How to Reduce Anxiety

Root causes and potential solutions for anxiety

Anxiety is defined as “unpleasant feelings of dread over something that is unlikely to happen.” This can be something short term (failing a test, sitting in traffic, etc), or something persistent and intense (not wanting to leave the house). Short term anxiety is a healthy response by the body, but persistent can wreak havoc on your life. Once it’s persistent, you need to find the root cause in order to reduce it.

I had a client with anxiety that was so severe he stopped leaving the house. When it gets to that point, it is absolutely debilitating. Unfortunately, Western Medicine treats anxiety with a ‘band aid.’ Usually this is in the form of a prescription drug (Xanax, etc) which adjusts brain chemistry. The problem with these though, is that they they do not address the root cause.

Join my FREE Facebook community, Freedom From Anxiety, HERE! 16 A wonderful group of like-minded women who are also dealing with anxiety.

While I’m not saying that prescription medications are bad (they can be life saving), medications like these are meant to be used as triage, while finding the root cause. So, what are some causes?

Potential Root Causes

  • An imbalance of Omega 3-6-9 ratio. Without adequate Omega 3 fatty acids, you have increased neuro-inflammation. There’s some pretty sound evidence showing that postnatal depression is linked to low levels of Omega 3, so it makes sense that a lack of would also contribute to anxiety. Unfortunately in our society, most people are low in Omega 3 and much higher in 6 and 9 which leads to an imbalance. So cut back on trans fats and processed foods, and load up on fatty fish, free range eggs, hemp, chia and flax seeds.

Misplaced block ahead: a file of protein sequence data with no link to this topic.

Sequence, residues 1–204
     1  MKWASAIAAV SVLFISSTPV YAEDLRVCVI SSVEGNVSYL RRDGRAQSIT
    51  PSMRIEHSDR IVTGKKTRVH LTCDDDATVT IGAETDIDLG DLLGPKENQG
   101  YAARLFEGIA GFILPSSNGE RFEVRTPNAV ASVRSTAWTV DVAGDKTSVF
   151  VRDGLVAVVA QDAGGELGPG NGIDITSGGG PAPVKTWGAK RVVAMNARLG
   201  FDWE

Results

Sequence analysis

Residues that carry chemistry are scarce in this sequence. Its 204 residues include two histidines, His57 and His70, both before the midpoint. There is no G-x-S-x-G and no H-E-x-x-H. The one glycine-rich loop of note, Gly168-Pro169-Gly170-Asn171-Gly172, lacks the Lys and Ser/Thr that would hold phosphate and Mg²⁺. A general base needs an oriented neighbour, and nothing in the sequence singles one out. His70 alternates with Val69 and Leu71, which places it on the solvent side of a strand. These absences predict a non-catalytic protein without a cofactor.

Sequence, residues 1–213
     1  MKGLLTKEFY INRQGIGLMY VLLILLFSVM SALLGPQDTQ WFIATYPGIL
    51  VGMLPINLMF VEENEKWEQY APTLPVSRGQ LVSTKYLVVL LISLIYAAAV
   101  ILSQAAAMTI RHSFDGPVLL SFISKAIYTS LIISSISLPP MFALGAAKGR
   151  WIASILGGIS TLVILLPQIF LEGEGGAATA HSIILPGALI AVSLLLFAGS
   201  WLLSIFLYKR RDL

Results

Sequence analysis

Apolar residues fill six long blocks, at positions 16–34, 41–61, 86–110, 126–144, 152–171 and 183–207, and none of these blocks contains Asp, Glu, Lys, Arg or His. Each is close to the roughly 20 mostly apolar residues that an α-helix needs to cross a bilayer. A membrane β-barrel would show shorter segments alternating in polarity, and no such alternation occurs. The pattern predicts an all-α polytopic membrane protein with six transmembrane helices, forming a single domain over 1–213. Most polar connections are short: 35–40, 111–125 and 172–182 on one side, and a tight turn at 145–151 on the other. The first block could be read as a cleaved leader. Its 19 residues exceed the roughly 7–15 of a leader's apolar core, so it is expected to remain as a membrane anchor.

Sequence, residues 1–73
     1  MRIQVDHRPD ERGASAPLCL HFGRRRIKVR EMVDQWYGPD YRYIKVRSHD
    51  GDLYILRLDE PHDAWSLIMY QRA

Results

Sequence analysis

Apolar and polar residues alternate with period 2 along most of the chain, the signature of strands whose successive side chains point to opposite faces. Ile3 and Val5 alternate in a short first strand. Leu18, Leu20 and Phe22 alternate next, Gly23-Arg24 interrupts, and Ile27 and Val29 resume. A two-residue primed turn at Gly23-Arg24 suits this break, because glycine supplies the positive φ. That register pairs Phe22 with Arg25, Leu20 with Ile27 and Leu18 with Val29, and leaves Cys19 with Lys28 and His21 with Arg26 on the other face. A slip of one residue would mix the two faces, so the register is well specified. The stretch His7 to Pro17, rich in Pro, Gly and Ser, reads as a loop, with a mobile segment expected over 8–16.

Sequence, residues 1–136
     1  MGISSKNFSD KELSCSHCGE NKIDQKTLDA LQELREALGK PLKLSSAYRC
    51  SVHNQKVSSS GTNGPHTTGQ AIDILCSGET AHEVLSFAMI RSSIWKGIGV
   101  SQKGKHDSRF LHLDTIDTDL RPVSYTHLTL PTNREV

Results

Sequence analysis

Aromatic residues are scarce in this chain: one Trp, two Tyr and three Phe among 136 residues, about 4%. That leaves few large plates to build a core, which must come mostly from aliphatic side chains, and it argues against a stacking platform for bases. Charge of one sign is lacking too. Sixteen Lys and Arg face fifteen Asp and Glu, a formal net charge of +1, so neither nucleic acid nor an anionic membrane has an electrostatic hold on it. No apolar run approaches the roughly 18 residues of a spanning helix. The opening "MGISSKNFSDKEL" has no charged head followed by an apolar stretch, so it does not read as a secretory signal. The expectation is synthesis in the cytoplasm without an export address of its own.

• Insufficient amino acids. Don’t hate me if you’re reading this and are vegan, but…it’s a common issue. Unless you’re really diligent with balancing nuts, seeds, grains and legumes, it can be a challenge to consume enough amino acids (notably tryptophan, taurine and GABA). These are responsible for creating and maintaining neurotransmitters and brain chemistry. So, take a look at your protein consumption. Are you getting enough high quality sources (meat, eggs, seaweed, etc)? If not, give them a boost.
  • Food sensitivities. Oh yes, food sensitivities are a big culprit for anxiety. Notably, gluten. If you can get tested to look at IgG and IgE responses, great. But those aren’t 100% accurate and they’re quite pricey. The best thing you can do is an elimination diet. Cut out common problematic foods like gluten, dairy, sugar, etc. If your anxiety lessons, you have your answer. Then it’s a matter of reintroducing each item one at a time, after a month or two of eliminating to see how your body responds (and which one you’re reacting to).
  • B vitamin deficiencies. B6 and B12 are sadly common deficiencies, and can absolutely lead to anxiety and panic attacks. These are the ‘methylation’ vitamins and help metabolize neurotransmitters. So get those levels checked and make sure you’re in the optimal range! You can opt to supplement (just make sure it’s not the synthetic form), or increase food based sources such as liver (or liver pills such as Ancestral Supplements), eggs, and fish.

While there are multiple causes of anxiety, these are some of the most common ones I see in my clients. So take a step back and evaluate some root causes. Get your labs checked and don’t settle for band-aid fixes.

If you’re looking for more help in this area, I did a Facebook live on anxiety and depression this past week, which you can find on my business page HERE.

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